Abstract 644: Dominant Frequency Analysis of Atrial Fibrillation: Comparison of Contact and Noncontact Mapping
Introduction: The ability to acquire a dominant frequency (DF) map during atrial fibrillation (AF) instantaneously using noncontact mapping has significant advantages over the current sequential contact mapping approach; however, the relationship between DFs determined from contact bipolar compared to noncontact unipolar recordings is unknown. We sought to determine the difference between DFs determined using contact bipolar (Bi), contact unipolar (Uni), noncontact Uni, and noncontact virtual Bi recordings.
Methods: Sustained AF was induced in five canines with 12 weeks of atrial tachy-pacing at 400 ppm. A noncontact multielectrode array was positioned in the left atrium (LA). Two simultaneous contact signals (Uni and Bi) and three noncontact signals (Uni, Virtual Bi, and Bi Laplacian) of 7 seconds duration were recorded from multiple LA sites and classified into one of five regions (posterior, septal, pulmonary veins, roof, or appendage). All Uni signals underwent QRS subtraction. Fourier analysis was performed and the DFs of contact Bi signals were compared to each of the other recording modalities. To exclude signals with broad spectra, signals with a regularity index (RI) <0.2 were excluded.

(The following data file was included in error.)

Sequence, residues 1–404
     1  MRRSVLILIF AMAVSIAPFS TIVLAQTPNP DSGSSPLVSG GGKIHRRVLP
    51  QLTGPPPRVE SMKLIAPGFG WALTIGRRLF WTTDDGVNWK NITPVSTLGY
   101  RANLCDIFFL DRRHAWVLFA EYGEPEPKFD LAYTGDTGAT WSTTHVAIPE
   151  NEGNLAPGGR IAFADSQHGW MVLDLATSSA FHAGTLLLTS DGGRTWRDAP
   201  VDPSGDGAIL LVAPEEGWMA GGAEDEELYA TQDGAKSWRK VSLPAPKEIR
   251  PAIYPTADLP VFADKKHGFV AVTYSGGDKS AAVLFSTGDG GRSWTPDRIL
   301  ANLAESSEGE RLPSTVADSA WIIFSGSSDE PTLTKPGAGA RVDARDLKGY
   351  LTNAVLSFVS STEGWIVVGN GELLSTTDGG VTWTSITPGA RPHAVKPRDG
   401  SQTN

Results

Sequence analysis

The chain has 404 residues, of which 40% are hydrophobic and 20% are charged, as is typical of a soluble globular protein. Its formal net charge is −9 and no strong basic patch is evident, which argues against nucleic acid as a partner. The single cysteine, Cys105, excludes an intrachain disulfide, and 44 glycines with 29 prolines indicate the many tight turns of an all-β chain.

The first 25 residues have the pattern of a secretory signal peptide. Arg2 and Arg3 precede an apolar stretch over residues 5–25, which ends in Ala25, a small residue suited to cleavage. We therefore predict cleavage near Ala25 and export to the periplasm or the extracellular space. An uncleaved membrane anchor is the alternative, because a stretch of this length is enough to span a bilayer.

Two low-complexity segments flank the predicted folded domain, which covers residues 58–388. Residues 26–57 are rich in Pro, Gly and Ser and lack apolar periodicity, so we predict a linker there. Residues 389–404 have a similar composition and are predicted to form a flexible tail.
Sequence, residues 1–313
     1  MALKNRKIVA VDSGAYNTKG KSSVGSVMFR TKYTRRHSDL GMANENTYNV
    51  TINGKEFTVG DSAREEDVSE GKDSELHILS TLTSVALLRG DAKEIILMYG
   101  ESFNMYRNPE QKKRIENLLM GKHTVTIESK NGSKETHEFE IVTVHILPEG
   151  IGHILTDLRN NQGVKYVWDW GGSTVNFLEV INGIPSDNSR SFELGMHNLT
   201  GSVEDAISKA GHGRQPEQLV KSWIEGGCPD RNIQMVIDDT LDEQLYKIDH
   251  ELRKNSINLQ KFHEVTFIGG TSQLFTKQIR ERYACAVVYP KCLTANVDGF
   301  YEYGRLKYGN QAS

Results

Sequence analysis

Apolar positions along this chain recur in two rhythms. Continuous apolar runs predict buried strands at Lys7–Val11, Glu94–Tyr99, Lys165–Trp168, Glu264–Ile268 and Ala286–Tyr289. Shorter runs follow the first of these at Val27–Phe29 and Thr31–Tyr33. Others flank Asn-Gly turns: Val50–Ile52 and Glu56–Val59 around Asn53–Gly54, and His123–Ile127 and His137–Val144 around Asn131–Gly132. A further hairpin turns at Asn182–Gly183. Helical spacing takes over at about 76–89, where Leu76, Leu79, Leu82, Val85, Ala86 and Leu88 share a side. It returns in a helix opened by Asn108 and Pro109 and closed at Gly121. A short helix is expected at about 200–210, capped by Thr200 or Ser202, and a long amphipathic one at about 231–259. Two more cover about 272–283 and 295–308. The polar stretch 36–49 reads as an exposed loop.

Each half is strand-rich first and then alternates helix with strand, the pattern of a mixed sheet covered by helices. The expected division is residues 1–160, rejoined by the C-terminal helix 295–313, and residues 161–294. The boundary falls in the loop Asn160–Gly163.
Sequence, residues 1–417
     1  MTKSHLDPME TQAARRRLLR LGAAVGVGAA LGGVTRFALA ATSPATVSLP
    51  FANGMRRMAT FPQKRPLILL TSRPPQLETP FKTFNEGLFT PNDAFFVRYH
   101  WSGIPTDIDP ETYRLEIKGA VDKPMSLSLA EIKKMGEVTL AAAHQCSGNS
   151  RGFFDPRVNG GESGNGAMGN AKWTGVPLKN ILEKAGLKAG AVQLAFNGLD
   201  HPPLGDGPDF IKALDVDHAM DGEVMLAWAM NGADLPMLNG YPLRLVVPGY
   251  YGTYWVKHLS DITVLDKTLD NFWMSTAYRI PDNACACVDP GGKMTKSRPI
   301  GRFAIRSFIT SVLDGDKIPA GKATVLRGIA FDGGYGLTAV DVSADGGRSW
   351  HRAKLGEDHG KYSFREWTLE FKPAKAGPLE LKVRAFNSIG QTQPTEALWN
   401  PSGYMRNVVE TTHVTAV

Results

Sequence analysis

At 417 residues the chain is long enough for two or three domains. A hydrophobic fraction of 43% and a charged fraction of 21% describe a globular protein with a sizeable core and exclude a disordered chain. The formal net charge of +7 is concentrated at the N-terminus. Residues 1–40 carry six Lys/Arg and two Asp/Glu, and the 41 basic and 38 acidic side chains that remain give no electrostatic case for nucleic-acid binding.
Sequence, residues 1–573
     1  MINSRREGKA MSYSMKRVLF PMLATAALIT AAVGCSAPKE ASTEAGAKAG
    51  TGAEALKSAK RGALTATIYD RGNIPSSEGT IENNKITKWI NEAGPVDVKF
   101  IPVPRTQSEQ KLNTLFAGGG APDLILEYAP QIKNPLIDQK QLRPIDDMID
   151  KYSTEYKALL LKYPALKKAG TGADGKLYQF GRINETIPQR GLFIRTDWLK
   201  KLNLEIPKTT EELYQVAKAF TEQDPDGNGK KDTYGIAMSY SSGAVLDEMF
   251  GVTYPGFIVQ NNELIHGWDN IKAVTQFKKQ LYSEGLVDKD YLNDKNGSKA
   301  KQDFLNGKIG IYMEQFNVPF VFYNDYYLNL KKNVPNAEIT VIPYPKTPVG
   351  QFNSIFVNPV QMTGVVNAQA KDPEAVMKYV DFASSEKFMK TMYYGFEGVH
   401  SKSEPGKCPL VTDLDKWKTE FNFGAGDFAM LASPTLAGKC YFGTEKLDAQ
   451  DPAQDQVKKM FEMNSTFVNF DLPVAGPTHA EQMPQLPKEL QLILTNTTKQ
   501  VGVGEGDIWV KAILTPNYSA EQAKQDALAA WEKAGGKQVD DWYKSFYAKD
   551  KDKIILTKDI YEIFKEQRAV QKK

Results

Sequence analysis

Results: Recordings were obtained from 389 LA locations in 5 canines. Overall, there was no significant difference in the mean DF between contact Bi and contact Uni QRS signals (351 points, 11.8±1.9Hz vs. 11.8±1.8Hz; p=NS). Similarly, contact Bi and noncontact Uni DFs had no significant differences (342 points, 11.82±1.83Hz vs. 11.84±1.71Hz; p=NS). Comparing contact Bi and noncontact virtual Bi, there was a significant difference in the measured DF (211 points, 11.6±1.8Hz vs. 11.4±1.7Hz; p=0.0012), due mainly to DF differences in PV regions (11.8±2.4Hz vs. 11.2±2.1Hz; p<0.01). When comparing contact Bi and the noncontact Bi Laplacian, there was also a significant difference in DF (223 points, 11.39±1.75Hz vs. 11.12±1.62Hz; p<0.01).
Conclusions: We found that
estimation of DF using noncontact mapping is feasible
QRS subtracted noncontact unipolar signals perform better than virtual bipolar signals at estimating contact bipolar DFs. This has important implications for developing algorithms for noncontact frequency mapping of AF.